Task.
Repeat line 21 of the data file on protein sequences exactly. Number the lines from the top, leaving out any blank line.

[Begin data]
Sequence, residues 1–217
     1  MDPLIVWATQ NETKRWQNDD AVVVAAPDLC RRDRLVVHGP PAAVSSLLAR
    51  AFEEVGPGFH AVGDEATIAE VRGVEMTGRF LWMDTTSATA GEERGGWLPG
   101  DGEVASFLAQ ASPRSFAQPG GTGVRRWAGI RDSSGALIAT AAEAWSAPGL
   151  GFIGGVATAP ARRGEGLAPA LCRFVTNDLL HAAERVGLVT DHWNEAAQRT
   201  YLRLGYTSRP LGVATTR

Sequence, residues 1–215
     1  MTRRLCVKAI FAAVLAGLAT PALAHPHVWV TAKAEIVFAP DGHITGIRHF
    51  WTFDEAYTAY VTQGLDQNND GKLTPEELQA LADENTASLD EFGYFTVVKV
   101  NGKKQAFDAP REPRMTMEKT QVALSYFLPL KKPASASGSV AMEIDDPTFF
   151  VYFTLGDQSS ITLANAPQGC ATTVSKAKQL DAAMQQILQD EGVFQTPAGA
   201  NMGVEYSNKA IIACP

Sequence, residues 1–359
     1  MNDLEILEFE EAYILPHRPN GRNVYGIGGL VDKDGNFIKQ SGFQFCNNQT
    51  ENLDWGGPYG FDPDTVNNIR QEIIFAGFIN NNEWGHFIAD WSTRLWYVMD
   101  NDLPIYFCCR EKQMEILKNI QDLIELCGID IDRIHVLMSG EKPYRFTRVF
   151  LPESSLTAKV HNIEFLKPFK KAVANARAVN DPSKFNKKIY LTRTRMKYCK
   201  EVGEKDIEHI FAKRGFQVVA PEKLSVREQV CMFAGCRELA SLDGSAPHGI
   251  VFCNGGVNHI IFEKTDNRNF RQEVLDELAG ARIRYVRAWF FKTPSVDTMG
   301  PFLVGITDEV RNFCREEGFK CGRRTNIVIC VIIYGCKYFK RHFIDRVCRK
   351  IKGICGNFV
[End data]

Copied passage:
   351  IKGICGNFV